Eight Halloween Tips for Children with Special Needs

By Provided by Kids Unlimited Learning Academy of NWA October 20, 2023

Eight Halloween Tips for Children with Special Needs

Halloween will be here before we know it! While this holiday can be a lot of fun, it can also be stressful for some children and families that have special needs or sensory aversions. Here are some tips that help to ensure your child enjoys the holiday and stays safe while doing so:

1. Plan Ahead

Halloween is traditionally known for being all about the unexpected. Take the time to educate your child on what is to come by reading them stories about Halloween traditions, or decorate your home with cobwebs, spiders, and other Halloween décor so that they can become familiar with what they will see. Role-play the process of Trick-or-Treating with your child at home or see if your neighbors are willing to get involved by letting your child practice Trick-or-Treating at their homes.

2. Creating A Visual Schedule

Creating a visual schedule that involves written words or photos can help your child know what to expect. Discuss the schedule regularly leading up to the event and provide information on the sequence of events. If your child knows that they will be outside around crowds, or at a party, this can help them to relieve the anxiety of the unknown.

3. Costume Comfort

Choose costumes that are comfortable and sensory-friendly. Look for soft costumes without tags that won’t itch or scratch them. Make sure that your child can comfortably walk, sit, or bend in the costume. If it is cold where you are, make sure your child is prepared to wear a coat or jacket if needed. It is a great idea to allow your child to practice wearing the costume on several occasions leading up to the night of Halloween or your Halloween event. You can even practice walking around your block with your child in their costume to ensure that there are no restrictions. Bringing a change of clothes that is preferred by your child is a great way to prepare for the night if your child is no longer able to tolerate their costume and would like to change.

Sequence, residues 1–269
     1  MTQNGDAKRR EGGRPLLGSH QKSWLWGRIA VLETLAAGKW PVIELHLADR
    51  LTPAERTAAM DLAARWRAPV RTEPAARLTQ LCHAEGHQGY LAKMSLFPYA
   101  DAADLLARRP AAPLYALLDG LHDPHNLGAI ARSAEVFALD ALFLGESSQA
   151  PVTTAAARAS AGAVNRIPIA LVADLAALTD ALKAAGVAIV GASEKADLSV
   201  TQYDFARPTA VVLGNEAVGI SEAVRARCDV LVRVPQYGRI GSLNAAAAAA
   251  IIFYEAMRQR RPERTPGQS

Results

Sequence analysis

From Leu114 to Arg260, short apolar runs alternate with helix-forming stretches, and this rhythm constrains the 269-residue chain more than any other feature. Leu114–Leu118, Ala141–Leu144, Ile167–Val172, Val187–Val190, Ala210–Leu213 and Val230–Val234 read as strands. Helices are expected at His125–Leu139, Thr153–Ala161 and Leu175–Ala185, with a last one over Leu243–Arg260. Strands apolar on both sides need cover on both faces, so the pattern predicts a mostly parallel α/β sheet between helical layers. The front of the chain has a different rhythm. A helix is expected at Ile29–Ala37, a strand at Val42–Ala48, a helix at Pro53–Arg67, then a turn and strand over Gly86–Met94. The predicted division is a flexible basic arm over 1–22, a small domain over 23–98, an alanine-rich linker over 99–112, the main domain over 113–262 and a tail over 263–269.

• Sensory-friendly costume ideas: Regular clothing in Halloween colors, comfortable Halloween-themed t-shirts, Halloween-themed pajamas
  • Incontinence-friendly costume ideas: high-rise leggings, loosely fitting pants to comfortably hang catheters.
  • Wheelchair-friendly costume ideas: Train conductor, Pirate and Pirate Ship, Buzz Lightyear and Spaceship, Princess and Royal Carriage

4. Choosing the Right Environment

If necessary, opt for neighborhoods that are quieter and have less foot traffic. Some communities offer special “quiet hours” for children with sensory needs. Plan to Trick-or-Treat during daylight hours or earlier in the evening when it is less crowded and less overwhelming.

5. Play to Their Strengths

Go with a familiar group so that the experience can be more enjoyable and comforting for your child. If your child is sensitive to noise, consider using noise-canceling headphones to reduce the impact of loud sounds and noises. Bring comforting items along with you such as a stuffed animal or fidget toy to help your child stay calm and focused. Provide them with choices as to which Halloween activities they would like to participate in so that they will feel a sense of control.